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One need not be a supporter of former President Donald Trump — and I assuredly am not — to have serious qualms over his apparently imminent indictment in New York City for the covert payment of hush-money to porn star Stormy Daniels during the latter days of the 2016 presidential campaign.
Trump has derided the inquiry and looming criminal charges as a "racist" and "political" undertaking by Manhattan District Attorney Alvin Bragg, a Black Democrat, while many Republicans, including congressional leadership and prospective GOP rival Florida Gov. Ron DeSantis, are echoing the complaint about political motives.
Less partisan observers have noted the legal flaws in the case. They include the expired statute of limitations (unless circumvented due to Trump's absence from the state); the somewhat convoluted legal theories involving an intersection of state business records laws, federal election campaign regulations, and allegations of tax evasion. And then there are the seedy characters upon whom the case rests, the former lawyer-fixer Michael Cohen — a convicted federal offender — and Daniels herself. These deficiencies, among others, cast a shadow on the prospective proceeding.
But there's another reason why the case may be fraught with folly. It relates to another high-profile celebrity criminal defendant of recent years: Bill Cosby.
The breakthrough Black performer of the late 1960s — stand-up comedian, variety show host and hugely popular family-comedy television star — was criminally charged and ultimately convicted in 2018 in a Pennsylvania state court of sexual assault after his first trial ended in a hung jury.
A candidate for the elected position of state prosecutor had campaigned on a pledge to initiate a new case against Cosby after the initial hung jury put the proceedings in limbo. That candidate won and oversaw the second successful prosecution, which resulted in a prison sentence of up to 10 years for the then 80-year-old fallen superstar, ailing and nearly blind.
But the conviction was subsequently reversed by the Pennsylvania Supreme Court in 2021, resulting in Cosby's release after three years and dismissal of the charges against him.
The reversal of Cosby's conviction did not turn on the prosecutor's campaign promise to pursue the case. Rather, the verdict was thrown out because a previous prosecutor had promised Cosby and his counsel that he would not pursue criminal charges if Cosby would subject himself to a deposition in his accuser's lawsuit. He did, leading to a $3.4 million out-of-court settlement of that litigation, preceding a number of additional large settlements and one jury verdict favorable to other women who had accused Cosby.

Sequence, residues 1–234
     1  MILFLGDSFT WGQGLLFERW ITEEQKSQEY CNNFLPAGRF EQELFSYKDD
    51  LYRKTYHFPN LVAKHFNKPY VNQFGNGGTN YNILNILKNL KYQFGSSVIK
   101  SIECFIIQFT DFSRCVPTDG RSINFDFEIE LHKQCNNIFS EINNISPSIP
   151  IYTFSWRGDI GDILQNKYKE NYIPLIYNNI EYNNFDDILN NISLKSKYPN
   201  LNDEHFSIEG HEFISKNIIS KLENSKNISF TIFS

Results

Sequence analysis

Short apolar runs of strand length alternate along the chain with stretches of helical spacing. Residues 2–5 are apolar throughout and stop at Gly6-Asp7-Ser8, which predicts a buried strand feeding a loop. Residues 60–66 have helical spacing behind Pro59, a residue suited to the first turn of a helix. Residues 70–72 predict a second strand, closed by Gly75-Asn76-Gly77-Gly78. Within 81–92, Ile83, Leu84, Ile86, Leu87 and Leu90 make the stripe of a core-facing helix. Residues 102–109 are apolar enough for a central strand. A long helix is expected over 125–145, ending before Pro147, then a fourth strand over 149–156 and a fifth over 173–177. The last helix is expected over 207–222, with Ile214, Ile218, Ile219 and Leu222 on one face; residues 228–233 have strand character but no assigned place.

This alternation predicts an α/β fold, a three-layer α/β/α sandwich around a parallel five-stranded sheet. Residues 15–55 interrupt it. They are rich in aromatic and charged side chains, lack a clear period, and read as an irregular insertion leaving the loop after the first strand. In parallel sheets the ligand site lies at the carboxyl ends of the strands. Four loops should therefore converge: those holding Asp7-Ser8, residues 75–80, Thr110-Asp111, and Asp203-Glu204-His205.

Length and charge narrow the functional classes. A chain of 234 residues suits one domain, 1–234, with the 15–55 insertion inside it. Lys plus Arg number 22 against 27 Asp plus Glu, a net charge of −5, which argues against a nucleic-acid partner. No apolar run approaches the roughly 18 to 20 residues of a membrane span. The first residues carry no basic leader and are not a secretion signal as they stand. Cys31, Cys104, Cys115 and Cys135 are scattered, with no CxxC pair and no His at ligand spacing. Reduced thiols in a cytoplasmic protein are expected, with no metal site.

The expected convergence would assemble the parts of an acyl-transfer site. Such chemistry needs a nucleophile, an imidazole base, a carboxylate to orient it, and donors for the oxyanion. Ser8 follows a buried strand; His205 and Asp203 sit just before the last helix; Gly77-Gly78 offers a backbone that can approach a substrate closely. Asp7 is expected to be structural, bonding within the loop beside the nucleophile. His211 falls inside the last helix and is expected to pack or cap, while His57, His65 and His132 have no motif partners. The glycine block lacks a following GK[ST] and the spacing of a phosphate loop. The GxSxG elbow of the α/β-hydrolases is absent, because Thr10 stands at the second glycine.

The prosecutor's campaign promise to convict Cosby is where the Cosby and Trump cases intersect. Manhattan prosecutor Bragg was elected in 2020, the same election cycle that ousted Trump from the White House. A defining issue in the New York City district attorney campaign that year was whether to seek charges against Trump. Bragg took the most aggressive stance, paving his way to a decisive victory.
While the reversal of the Cosby verdict did not turn on the impropriety of the Pennsylvania prosecutor's campaign pledge to pursue a criminal case against a specific named individual, it formed a sinister underlying sinkhole for the prosecution. The same flaw could taint Bragg's pursuit of the hush-money case in New York City.
The political pledges to pursue Cosby and Trump evoke consideration of a hoary legal doctrine known as bill of attainder. The term refers to a practice of pre-Revolutionary War authorities in England, who passed laws specifically targeting identified individuals or groups.
The framers of the U.S. Constitution reviled that despotic practice and explicitly proscribed it twice in the nation's fundamental law. Article I, Section 9 prohibits enactment of any bill of attainder by Congress and the ensuing Section 10 forbids states from doing so, either.
The double prohibition expresses the Constitution's strong antipathy to the singling out of particular individuals or entities for criminal prosecution. The American tradition is instead to proscribe particular conduct, rather than targeting a specific offender.
But Bragg's naming of Trump in a political campaign as a specific target of criminal inquiry is akin to an impermissible bill of attainder. While not the product of legislation, the outcome is the same: condemnation of a particular defendant before a specific accusation of wrongdoing has been investigated by law enforcement personnel.
By bragging about his intent to pursue criminal charges against the ex-president in order to be elected, the Manhattan DA may have tainted that proceeding much as the injudicious campaign rhetoric of the Pennsylvania prosecutor helped undermine the Cosby case.
Marshall H. Tanick is a Twin Cities constitutional law attorney.